US threatens to 'crush' Iran, outlines 12-point list for 'new deal'

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Secretary of State Mike Pompeo threatened Iran with 'unprecedented financial pressure' if it fails to curb its activities

US Secretary of State Mike Pompeo speaks at the Heritage Foundation (AFP)
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Tuesday 22 May 2018 11:01 UTC
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US Secretary of State Mike Pompeo has outlined 12 conditions required of Iran before any "new deal" will be made with the country, in a speech threatening the "strongest sanctions in history".

"We will apply unprecedented financial pressure on the Iranian regime," Pompeo said on Monday in his first major foreign policy address since moving to the State Department from the CIA.

"The leaders in Tehran will have no doubt about our seriousness."

"The sting of sanctions will only grow more painful if the regime does not change course from the unacceptable and unproductive path it has chosen for itself and the people of Iran," he added in the speech at the conservative Heritage Foundation think tank.

"Iran will never again have carte blanche to dominate the Middle East."

Among the 12 points listed by Pompeo, Iran must "withdraw all forces under Iranian command from Syria", "stop uranium enrichment and never pursue plutonium reprocessing", "end support for the Taliban" and "cease harbouring al-Qaeda":

Pompeo said if Iran abided by the stricter terms, the United States would lift its sanctions.

"We will track down Iranian operatives and their Hezbollah proxies operating around the world and crush them," Pompeo said.

"Iran will be forced to make a choice: either fight to keep its economy off life support at home or keep squandering precious wealth on fights abroad. It will not have the resources to do both."

US President Donald Trump has long said the original 2015 deal with Iran, which was also signed by Britain, China, France, Germany and Russia, did not go far enough, and now wants the Europeans and others to support Washington's hardline strategy.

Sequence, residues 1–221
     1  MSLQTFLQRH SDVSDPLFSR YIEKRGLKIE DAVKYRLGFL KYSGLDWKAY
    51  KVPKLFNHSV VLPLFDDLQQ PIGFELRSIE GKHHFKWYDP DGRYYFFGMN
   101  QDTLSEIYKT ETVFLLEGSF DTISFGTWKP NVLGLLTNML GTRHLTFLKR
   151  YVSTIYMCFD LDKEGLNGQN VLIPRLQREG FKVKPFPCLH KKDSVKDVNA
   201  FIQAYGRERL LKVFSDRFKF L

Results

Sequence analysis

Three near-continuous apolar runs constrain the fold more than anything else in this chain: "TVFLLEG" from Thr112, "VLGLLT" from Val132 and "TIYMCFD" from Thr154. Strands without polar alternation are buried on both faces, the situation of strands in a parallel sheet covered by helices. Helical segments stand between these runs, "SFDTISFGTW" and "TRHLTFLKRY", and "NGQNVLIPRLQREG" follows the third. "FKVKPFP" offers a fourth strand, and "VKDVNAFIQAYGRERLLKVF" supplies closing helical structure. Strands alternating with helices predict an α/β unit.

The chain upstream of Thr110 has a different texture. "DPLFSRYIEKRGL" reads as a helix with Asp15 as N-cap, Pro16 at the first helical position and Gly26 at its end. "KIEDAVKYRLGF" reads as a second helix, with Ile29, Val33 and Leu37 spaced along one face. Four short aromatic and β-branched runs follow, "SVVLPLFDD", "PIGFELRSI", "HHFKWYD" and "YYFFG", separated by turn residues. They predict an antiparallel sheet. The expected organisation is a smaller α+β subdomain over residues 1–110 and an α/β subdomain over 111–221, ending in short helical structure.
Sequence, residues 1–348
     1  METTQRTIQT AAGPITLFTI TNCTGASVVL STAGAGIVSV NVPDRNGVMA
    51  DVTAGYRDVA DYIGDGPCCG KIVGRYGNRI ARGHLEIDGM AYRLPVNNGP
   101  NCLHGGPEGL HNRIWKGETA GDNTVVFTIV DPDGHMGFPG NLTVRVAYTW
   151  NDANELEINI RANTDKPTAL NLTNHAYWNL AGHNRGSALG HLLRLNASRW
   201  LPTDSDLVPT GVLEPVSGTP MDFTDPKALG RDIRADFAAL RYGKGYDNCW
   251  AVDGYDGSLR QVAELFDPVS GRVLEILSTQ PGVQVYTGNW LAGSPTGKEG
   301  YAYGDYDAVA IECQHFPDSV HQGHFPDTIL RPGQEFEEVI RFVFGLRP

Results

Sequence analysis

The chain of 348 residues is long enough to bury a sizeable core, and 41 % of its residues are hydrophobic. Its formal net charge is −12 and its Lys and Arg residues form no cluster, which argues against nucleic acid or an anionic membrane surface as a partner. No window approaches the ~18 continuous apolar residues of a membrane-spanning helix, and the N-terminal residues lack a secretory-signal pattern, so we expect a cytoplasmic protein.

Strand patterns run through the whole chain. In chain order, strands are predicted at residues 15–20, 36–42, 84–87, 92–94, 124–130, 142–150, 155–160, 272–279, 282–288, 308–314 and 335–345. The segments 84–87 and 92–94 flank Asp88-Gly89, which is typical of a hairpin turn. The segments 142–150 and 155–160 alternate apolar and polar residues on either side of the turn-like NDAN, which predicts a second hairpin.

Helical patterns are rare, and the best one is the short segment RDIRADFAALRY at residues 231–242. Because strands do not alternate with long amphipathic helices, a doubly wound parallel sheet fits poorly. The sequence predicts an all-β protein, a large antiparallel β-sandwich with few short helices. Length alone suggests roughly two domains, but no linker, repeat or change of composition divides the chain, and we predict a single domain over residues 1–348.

"In the strategy we are announcing today, we want the support of our most important allies and partners in the region and around the globe. I don't just mean our friends in Europe," Pompeo said.

The secretary of state also said that European businesses who work with Iran in violation of US sanctions would be held "to account".

The re-establishment of US sanctions is likely to force European companies to choose between investing in Iran or trading with the United States.

The European Union is currently trying to persuade Iran to stay in the 2015 agreement, even without Washington's participation.

On Friday, the European Commission proposed that EU governments make direct money transfers to Iran's central bank to avoid US penalties, a step which would bypass the US financial system.

'Recipe for war'

The European Union largely dismissed Pompeo's speech and said it remained committed to the full implementation of the nuclear deal.

Iran's president summarily dismissed Pompeo's demands.

"Who are you to decide for Iran and the world?," the semi-official ILNA news agency quoted Hassan Rouhani as saying.

"The world today does not accept America to decide for the world, as countries are independent ... that era is over ... We will continue our path with the support of our nation."

Suzanne Maloney, deputy director of the Brooking Institution think tank's foreign policy programme, said Pompeo's speech amounted to a strategy of "regime change".

Combining maximum pressure with proven unachievable demands is a recipe for war, not negotiations

- Trita Parsi, National Iranian American Council

"There is only one way to read it and that is that Trump administration has wedded itself to a regime-change strategy to Iran, one that is likely to alienate our allies. One with dubious prospects for success," she said.

The administration's approach "explicitly puts the onus on the Iranian people to change their leadership or face cataclysmic financial pressure," said Maloney who advised the State Department on Iran in the Bush administration between 2005 and 2007.

Lebanese analyst Ghaleb Kandil, who has close ties to Lebanon's Iran-backed Hezbollah group, said Washington's demands had previously not worked.

"These are conditions that were tested in previous phases of American pressures, before the nuclear deal, when Iran was in more difficult circumstances than it is in these days, and it did not surrender to these conditions or accept them," said Kandil.

Trita Parsi, the president of the National Iranian American Council, said Pompeo's remarks were intended to ensure that there could be no new negotiations and amounted to a "recipe for war".

"Combining maximum pressure with proven unachievable demands is a recipe for war, not negotiations," Parsi said.

"Pompeo says he stands with the Iranian people. But few in Iran will believe him. Trump has shown his hostility towards the people of Iran by killing the Iran deal, which the Iranian people overwhelmingly supported."